Arts program creates space for kids with incarcerated family
By LISA SPECKHARD PASQUE
The Capital Times
AP Member Exchange
MADISON, Wis. — Damien Smith Jr. wasn’t always embarrassed that his father is in prison. Just this winter, when playing with a giant checker set at the Monona Public Library, he readily told a little girl that he played the game with his dad in prison and beat him all the time.
But Damien’s grandmother, Pat Dillon, saw the look on the little girl’s face.
At 6, Damien doesn’t want to talk about his dad’s incarceration anymore. He gets teased or talked about. This summer, he was bullied.
“I knew that there would come a point in his life where he was going to feel different than the other kids . he was going to hide it, it would embarrass him, even though he has a great relationship with his dad. He adores his dad,” Dillon told The Capital Times .
But thanks to a pilot program Dillon created, Smith Jr. has a chance to meet other kids with incarcerated parents, in a stigma-free space to create and appreciate the power of art. It’s a chance for these children — who often face an array of challenges — to experience a program created specifically for them.
“Those kids are so commonly stigmatized that they hide. Then they suffer their traumas silently … Yet we don’t collectively seek these kids out and create support for them,” Dillon said.
There’s an estimated 2,000 children in Dane County with an incarcerated parent. Dillon can witness firsthand the effects of incarceration on her grandson, but as a writer, she’s also researched the needs of kids like Smith Jr. more broadly.
Those needs, outlined in an Isthmus article Dillon wrote earlier this year, include a higher risk of homelessness, “adverse childhood experiences” like living with a drug-addicted or abusive caregiver, health and behavioral problems and poor school performance.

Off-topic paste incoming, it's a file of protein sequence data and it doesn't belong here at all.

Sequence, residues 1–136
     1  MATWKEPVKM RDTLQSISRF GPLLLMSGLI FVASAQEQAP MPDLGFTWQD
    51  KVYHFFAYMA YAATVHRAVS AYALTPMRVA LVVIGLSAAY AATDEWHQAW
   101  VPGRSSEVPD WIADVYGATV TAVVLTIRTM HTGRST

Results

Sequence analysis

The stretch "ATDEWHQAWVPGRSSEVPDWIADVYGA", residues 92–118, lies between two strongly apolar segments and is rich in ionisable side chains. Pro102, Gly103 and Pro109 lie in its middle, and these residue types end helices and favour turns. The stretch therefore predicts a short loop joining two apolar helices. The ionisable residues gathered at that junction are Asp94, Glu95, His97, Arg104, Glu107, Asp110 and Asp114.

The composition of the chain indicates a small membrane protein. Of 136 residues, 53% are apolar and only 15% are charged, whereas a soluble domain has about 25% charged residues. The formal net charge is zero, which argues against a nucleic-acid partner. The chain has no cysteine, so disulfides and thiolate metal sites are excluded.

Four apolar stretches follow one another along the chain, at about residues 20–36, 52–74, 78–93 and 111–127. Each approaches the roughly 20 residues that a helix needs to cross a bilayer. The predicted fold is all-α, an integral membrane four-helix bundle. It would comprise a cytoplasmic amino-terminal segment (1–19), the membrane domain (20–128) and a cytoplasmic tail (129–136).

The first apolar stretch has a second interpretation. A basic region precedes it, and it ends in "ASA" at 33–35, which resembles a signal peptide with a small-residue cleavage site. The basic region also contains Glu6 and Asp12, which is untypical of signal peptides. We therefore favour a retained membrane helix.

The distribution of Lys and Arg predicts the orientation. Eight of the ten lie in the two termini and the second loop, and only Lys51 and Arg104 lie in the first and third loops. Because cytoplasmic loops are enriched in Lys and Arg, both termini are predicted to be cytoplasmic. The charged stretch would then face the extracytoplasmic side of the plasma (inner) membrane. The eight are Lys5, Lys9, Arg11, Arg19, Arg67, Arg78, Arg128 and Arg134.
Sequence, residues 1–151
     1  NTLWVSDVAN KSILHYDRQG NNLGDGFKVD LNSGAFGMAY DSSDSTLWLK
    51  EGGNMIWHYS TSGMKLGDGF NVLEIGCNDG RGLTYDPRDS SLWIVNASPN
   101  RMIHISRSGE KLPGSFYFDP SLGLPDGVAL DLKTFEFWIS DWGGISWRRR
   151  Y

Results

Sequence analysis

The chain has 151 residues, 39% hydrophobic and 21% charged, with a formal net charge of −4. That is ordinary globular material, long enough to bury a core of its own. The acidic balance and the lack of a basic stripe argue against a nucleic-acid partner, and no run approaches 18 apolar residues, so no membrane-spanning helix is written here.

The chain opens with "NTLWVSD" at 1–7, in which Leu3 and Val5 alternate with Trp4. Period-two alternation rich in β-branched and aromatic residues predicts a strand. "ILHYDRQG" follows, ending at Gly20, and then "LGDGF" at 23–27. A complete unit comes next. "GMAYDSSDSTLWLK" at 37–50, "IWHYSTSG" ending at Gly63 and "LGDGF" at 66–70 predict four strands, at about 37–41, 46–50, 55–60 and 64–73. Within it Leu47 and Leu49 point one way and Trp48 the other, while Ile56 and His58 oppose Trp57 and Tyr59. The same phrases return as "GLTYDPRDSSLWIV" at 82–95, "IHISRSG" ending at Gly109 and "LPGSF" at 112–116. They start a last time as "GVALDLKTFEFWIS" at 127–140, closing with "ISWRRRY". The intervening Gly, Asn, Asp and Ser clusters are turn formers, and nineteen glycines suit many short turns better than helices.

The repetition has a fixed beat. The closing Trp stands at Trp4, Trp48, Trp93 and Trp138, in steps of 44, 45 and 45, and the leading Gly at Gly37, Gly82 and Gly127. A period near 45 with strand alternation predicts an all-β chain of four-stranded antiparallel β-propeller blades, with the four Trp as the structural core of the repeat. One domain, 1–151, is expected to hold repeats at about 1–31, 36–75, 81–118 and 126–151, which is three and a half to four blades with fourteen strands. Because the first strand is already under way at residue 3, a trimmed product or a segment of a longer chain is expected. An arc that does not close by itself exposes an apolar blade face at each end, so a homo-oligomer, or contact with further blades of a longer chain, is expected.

Yet local resources and programs tailored specifically for children with incarcerated parents are hard to find. Madison-area Urban Ministry offers several programs, like mentoring for these kids and organized trips to visit parents in prison. Dillon’s Cultural Connections, launched this summer, aims to provide self-empowerment and confidence for these kids.
For its first project, Cultural Connections kids are painting the outside of a mock solitary confinement cell for an exhibit to be titled “Confined: Honoring the solitary experience of children with a parent in prison.”
Philip Ashby, scenic designer at Wisconsin Public Television, designed the cell and two artists from ArtWorking, an organization that supports artists and entrepreneurs with developmental and intellectual disabilities, are helping paint some of the sides. The inside of the cell will act as an informational kiosk.
The cell will be displayed at the Makeshift Festival in Tenney Park and then “resurrected” and displayed in the Central Library for this fall’s Gallery Night.
The cell is coming together in the Dane Arts Mural Arts space on the east side of town. DAMA and Cultural Connections share a similar mission of engaging kids, said Alicia Rheal, a lead artist for DAMA, and was happy to invite them in.
On a recent Tuesday, ArtWorking artists Briana Richardson and Romano “Mano” Johnson were at work. Richardson said her painting, of a mother holding a child on a grassy field, can be read several ways: it can be the last goodbye before a parent goes to prison or it can represent friends and family members helping out with the kids in their absence.
The kids were asked to paint pictures of themselves with their dads, so Damien drew a picture in a garden. When he visits his dad in prison, they have to stay inside, he said.